inspired by nature (lotus. A forecourt leads to an enormous and monumental hypostyle (pillared hall with many columns supporting the roof). The entrance was flanked by two sloping pylons (or towers) that represented the sloping rock faces of the Nile. cut deep in the rock. • Mastabas. more pylons and larger forecourts were added in front of the existing structures. As the New kingdom increased its prosperity. pyramids such as those at Giza.Malta Centre for Restoration SACRED NON-SEPULCHRAL ARCHITECTURE • Temples of Amon. Luxor and Karnak The procession temples of the Nile valley were cut in the rock. GENERIC TOMB ARCHITECTURE Places of burial were of three main types. reminiscent of a forest of trees. IKONOS Preparatory Course 13 . then a short horizontal passage. They indicate a religious design philosophy based on the surrounding natural landscape. Sacrificial chambers were invariably built on the high West bank of the Nile. therefore of procession (and processional grandeur). they developed into a tomb consisting of a superstructure meant to house an offering chapel. Lest the supplies ran out. By now. All temple plans denote a strong sense of axiality. reserved for the image of the god. and a deeply sunk burial chamber approached first through a long vertical shaft. • The Royal Pyramids The pharaohs regarded as sons of the sun-god Re and sun worship became official religion in the 3rd century BC. Entire rooms were replicated around the burial chamber. They were meant to symbolise the sun beams on which the sun-king was transported to Re. by the 3rd century BC. In fact. acquired a square plan with smooth external walls of limestone and a shimmering capping of gold leaf. decorated with capitals and bases. palm and papyrus). The temple complex invariably ends with a narrow sacred room. • Rock-hewn tombs. or bench tombs By the 4th Dynasty. Tombs consisted of items such as food and sacrificial offerings that were meant to offer the same levels of comfort the dead person enjoyed in his former life. decoration and reliefs of harvests and similar scenes were meant to appease the soul of the deceased. West of Thebes. the simple square piers of the structures of the Old Kingdom were supplanted by columns.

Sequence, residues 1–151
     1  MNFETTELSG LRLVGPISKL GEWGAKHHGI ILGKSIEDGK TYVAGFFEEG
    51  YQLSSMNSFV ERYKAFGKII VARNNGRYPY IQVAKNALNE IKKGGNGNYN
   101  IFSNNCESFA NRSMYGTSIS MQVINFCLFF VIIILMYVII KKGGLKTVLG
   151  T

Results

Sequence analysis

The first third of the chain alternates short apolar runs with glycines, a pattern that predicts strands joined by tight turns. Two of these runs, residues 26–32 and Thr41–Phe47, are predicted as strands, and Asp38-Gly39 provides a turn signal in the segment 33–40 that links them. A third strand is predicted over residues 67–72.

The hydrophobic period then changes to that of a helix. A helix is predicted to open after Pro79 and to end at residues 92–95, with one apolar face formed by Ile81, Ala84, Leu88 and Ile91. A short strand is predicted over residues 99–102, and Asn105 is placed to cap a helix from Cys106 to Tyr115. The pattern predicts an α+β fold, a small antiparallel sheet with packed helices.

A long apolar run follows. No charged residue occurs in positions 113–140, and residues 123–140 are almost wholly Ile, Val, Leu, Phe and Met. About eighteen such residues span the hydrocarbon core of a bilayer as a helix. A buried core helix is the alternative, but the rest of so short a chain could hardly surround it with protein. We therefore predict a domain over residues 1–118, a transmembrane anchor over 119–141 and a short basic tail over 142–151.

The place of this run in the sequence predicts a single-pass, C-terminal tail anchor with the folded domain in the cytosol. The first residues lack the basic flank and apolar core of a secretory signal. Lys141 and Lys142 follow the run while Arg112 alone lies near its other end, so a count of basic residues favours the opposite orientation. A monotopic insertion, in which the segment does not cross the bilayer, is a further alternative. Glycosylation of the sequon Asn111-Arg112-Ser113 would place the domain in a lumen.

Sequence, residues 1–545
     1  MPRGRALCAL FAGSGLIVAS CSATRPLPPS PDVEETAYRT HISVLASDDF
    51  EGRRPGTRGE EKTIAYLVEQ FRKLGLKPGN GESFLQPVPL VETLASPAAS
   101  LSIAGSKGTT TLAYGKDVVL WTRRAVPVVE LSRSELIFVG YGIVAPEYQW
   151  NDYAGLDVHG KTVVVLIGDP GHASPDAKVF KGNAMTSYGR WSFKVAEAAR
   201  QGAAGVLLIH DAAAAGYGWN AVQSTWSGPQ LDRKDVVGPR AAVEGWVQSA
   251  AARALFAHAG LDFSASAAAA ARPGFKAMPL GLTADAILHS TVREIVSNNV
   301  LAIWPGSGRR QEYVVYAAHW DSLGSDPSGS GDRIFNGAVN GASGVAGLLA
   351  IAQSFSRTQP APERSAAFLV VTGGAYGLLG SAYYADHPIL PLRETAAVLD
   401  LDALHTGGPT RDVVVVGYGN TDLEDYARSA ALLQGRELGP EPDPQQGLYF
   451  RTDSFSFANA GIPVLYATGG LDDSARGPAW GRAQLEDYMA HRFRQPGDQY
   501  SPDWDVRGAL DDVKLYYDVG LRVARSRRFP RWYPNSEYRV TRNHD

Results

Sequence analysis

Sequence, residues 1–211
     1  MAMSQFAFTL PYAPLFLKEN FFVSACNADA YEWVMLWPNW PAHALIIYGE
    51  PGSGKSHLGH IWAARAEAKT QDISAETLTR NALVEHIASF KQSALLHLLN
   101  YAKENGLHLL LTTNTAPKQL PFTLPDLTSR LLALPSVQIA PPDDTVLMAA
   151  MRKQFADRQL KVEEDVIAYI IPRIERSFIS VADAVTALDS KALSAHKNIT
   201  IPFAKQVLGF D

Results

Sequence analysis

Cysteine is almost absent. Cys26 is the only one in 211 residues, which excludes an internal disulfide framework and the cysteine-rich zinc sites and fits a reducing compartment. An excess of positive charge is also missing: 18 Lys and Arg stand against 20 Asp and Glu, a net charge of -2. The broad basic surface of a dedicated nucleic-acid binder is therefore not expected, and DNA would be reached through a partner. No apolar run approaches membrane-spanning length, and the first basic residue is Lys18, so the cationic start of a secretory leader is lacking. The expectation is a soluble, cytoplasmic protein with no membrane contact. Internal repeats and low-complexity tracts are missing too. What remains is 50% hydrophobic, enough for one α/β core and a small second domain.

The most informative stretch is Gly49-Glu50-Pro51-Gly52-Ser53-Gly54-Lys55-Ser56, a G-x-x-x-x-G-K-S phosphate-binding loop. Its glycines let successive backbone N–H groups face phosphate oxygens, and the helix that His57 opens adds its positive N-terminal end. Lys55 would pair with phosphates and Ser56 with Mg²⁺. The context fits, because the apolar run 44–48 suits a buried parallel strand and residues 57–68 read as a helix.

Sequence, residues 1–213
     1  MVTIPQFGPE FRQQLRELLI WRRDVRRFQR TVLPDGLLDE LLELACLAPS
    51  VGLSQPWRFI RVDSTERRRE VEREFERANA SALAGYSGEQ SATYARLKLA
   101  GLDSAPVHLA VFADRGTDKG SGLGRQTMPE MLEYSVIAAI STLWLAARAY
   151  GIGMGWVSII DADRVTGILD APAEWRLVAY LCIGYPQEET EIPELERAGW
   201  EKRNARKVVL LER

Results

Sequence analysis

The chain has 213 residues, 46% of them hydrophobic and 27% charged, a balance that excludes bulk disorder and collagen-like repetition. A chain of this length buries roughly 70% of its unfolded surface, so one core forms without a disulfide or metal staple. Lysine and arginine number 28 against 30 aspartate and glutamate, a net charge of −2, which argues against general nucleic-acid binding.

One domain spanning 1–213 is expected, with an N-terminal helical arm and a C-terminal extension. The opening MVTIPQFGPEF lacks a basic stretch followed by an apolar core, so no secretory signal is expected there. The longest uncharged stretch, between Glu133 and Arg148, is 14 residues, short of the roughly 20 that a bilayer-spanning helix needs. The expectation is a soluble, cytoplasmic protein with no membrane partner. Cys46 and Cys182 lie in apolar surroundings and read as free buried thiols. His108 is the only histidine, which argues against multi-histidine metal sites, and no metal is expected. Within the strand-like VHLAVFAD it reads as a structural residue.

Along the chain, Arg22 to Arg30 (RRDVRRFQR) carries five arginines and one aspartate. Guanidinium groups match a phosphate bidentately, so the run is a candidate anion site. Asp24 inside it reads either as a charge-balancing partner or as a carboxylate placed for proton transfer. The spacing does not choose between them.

Usually underground chambers were finished prior to the superstructure. was a limestone chamber containing a granite plug to seal off the hole when the burial was complete. and a causeway that lead to the Valley Building. Above. 2778 BC Conceived as a replica of the pharaoh’s palace in Memphis. the visual form denoted a monument that was visible from afar. The approach tunnel was also widened and converted into a ramp. Built by Imhotep. This was made of layers inclined against a steep-sided core. • Bent (or South Pyramid) of Seneferu. The structure was finished in stepped limestone blocks and brick walls. as the chamber passages show fissures. Dahshûr. mortuary temple. an offering chapel. The prominent structure was most probably meant to defeat tomb robbers. It began as a mastaba. then extended twice and later used as a basis for a four-stepped pyramid. Four corridors emerge from the bottom of the pit and connect to galleries running parallel to the side of the pyramid. It was later deepened and a granite tomb inserted at the bottom. The change in slope was deemed necessary for structural reasons.Malta Centre for Restoration OLD KINGDOM TOMB ARCHITECTURE • Stepped Pyramid of Zoser. meant as tombs for members of the royal family were sealed off during the third phase. Around pyramid was a double-walled enclosure. 14 Introduction to History of Architecture . the pyramid shows no less than five changes in plan. Religious symbolism . Tomb chambers have corbelled roofs with gradually stepping corbelling on all sides. 2723 BC Peculiar in that the angle of inclination changes from 54°15’ to 43° indicating a hasty completion and that it has two independent burial chambers. Separate pits. Materials are local stone and facings. A pit was approached by a tunnel that emerged in an open ramp. and was enlarged further.the stepped form represented a staircase that climbed to heaven. Sakkara.